Are dads neglected during labour?

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Here is a fact many of you may not know. Dads get screwed in the whole birthing process. I don’t mean cheated out of something, no. I mean we are treated terribly.

Not as a rule, of course. But its more often than not. And before you get all up in arms about how “we don’t go through what the woman goes through”, I need to tell you something.

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You are absolutely right. We don’t go through what Mum goes through. But what we do go through can be terrible. And unlike Mom, it’s completely unnecessary.

From the moment we arrive with Mum to begin the process of bringing our child into the world, we are an anathema. We are ignored, shunted to the side, belittled, berated, and knowingly cut out of one of (if not the) most important events in our lives.
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And the justification used by nurses, doctors, and family members is “It’s not about you. It’s about her. And you don’t know what this poor woman is going through.

AND YOU NEVER WILL!”

You’re right. We will never know what labour pains are like. We will never feel a contraction, or a baby kick us in the ribs from the inside or the feeling of a C-section incision. We Dads will never know any of these things.

But we do know other things. Like the fear of the unknown. The pain of watching our partners whom we have dedicated our lives to hurt for hours and hours on end. The absolute soul-shattering fear of the baby being hurt. The hours and hours of frustration.

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We know the fear of having to go through all of that alone, with no staff to assist us, being relegated to the corner, told to stay out of the way, and being completely helpless to do anything to help our family. And we know the terror of enduring minutes that pass like eons, not knowing if our partner and child are even going to survive.

We know the fear of losing our best friend. And we know the fear of losing our best friend we have yet to meet. We know what it is to look into a possible future of being alone.

We know what it is to face the fact we may be losing a child we have never even had a chance to hold or trying to raise that child without their Mother.

So while we don’t know what a contraction feels like, don’t any of you tell any Dad out there that we don’t understand or can’t imagine the pain. Trust me, we can imagine it. And more. And we do. Constantly. Don’t patronize us and make jokes like “Your job was done 9 months ago.”, “Just pace and hand out the cigars, Dad.”, or (my absolute favourite) “You ordered it, but SHE has to deliver it.” Saying crap like that just goes to show that you refuse to see what this person is going through. And apparently, YOU NEVER WILL.

Or will you? You can, it’s not hard.

Health care providers: the next time you are walking down the hall of the Maternity wing and you see the soon to be Dad staring blankly at the coffee pot because he’s asleep on his feet with bags under his eyes, pat him on the shoulder. Reassure him. Tell him it’s going to be ok. He may not look like it, but he needs that encouragement.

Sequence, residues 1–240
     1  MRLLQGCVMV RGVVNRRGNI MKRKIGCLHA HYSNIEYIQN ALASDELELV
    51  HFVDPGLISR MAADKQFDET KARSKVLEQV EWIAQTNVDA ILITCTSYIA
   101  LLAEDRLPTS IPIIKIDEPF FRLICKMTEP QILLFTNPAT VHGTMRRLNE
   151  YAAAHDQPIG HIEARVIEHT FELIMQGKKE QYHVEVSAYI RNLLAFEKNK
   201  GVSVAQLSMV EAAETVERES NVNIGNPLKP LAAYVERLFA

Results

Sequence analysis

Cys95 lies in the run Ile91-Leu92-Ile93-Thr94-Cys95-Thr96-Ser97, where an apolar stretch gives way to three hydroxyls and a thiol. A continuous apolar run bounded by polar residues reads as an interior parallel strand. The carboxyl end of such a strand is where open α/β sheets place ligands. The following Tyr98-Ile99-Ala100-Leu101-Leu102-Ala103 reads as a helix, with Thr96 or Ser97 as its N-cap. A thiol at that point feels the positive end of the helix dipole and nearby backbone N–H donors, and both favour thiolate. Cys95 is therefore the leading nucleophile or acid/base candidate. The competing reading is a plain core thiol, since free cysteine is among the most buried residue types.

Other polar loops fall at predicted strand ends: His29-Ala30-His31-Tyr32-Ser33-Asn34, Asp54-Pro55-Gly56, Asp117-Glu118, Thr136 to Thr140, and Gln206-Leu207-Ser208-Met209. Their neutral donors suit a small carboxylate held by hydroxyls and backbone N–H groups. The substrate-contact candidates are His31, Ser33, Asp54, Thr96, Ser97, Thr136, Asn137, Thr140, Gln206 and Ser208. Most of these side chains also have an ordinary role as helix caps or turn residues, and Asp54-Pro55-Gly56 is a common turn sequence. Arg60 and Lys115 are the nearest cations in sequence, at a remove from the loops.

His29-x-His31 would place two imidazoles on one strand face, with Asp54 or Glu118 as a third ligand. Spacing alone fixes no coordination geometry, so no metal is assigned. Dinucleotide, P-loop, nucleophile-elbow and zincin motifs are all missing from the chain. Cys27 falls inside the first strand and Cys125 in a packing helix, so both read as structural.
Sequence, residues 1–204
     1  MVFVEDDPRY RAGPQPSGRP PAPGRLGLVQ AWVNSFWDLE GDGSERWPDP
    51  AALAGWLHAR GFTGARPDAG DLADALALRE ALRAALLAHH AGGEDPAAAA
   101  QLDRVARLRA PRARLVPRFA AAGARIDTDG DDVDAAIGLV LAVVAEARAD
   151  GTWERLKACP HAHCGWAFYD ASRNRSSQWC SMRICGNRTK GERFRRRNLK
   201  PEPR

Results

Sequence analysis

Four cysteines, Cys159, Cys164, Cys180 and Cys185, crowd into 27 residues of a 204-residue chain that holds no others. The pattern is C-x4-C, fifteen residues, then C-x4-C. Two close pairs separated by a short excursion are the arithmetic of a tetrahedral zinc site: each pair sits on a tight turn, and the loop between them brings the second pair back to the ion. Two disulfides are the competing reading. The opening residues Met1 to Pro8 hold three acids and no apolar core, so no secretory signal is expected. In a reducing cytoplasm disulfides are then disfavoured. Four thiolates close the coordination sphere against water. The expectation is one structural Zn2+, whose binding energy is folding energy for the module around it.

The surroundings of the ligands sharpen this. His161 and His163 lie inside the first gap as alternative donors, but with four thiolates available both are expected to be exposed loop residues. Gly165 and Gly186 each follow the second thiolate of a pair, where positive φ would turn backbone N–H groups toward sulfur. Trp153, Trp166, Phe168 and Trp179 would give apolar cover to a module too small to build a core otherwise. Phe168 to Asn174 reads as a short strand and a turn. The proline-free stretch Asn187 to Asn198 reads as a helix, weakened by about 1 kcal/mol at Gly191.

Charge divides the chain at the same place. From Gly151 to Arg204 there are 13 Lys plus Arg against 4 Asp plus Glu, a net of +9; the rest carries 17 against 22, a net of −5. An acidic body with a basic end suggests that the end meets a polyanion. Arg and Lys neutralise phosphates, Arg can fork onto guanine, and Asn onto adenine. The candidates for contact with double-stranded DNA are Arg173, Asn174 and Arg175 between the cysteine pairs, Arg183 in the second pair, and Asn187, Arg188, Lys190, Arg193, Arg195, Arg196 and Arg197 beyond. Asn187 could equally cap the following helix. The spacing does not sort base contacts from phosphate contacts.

Family: Mum is the priority, absolutely. But don’t forget Dad. Don’t leave him out on an island to fend for himself.
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Talk to him. Ask him if he needs anything. Be there for him, too.

We Dads don’t get the contractions. We don’t get the episiotomy. We don’t get the C-section.

We also don’t get the help some of us may desperately need. So please remember…

Dads need support too.

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4 Comments

  1. Mark

    This is a great article – one that articulates there’s still a much needed shift in cultural thinking when it comes to the dad experience (in healthcare AND in daily dad-life). When taking my son to the store and someone says, “Oh you must have an amazing wife at home…” Nope. Just my husband…two dudes raising a kid together. The look on their face is enough satisfaction without going down THAT rabbit-hole. The role of “dad” has shifted and men are taking a much more “hands-on approach” in parenting (this website is proof enough) without much recognition from society. Unfortunately, old habits die hard and people still think it’s OK to downplay / disregard the man’s experience. We were fortunate enough to have an amazing hospital team when our son was born, but, I guess, not everyone is that lucky. We have to keep on fighting until society finally catches up to what we know – today’s dads are fu*#ing awesome.

  2. Chris S.

    Yea I didn’t get any of that sort of treatment for any of my 3 kids. And I just had my 3rd one 2 weeks ago. Course all 3 kids were had at the same hospital and they were fantastic. No, I was not the center of attention, but anytime the nurses came in during each of our 3-5 day stays, they’d always ask if I was ok or needed anything. Never once did I feel like I was belittled or neglected or shunned or anything else that was mentioned.

  3. Graham

    This is an amazing article and the sole reason as a dad and a proud member of the dadsnet tribe I work alongside our local maternity ward, MVP and better births to change this and give dads a voice in maternity. Its possible we can change this. We just have to want it!

  4. Andrew Campbell

    I’m a dad. The birthing experience was surreal and I felt completely lost during the birth but It’s a medical setting; dads aren’t going through a medical emergency. 0 dads are lost each year due to childbirth. If you need support, you could call a family member or a friend. You go go and speak to the chaplain. There’s too much going on, and too much at stake for medical staff to pay much attention to dad’s existential crisis.

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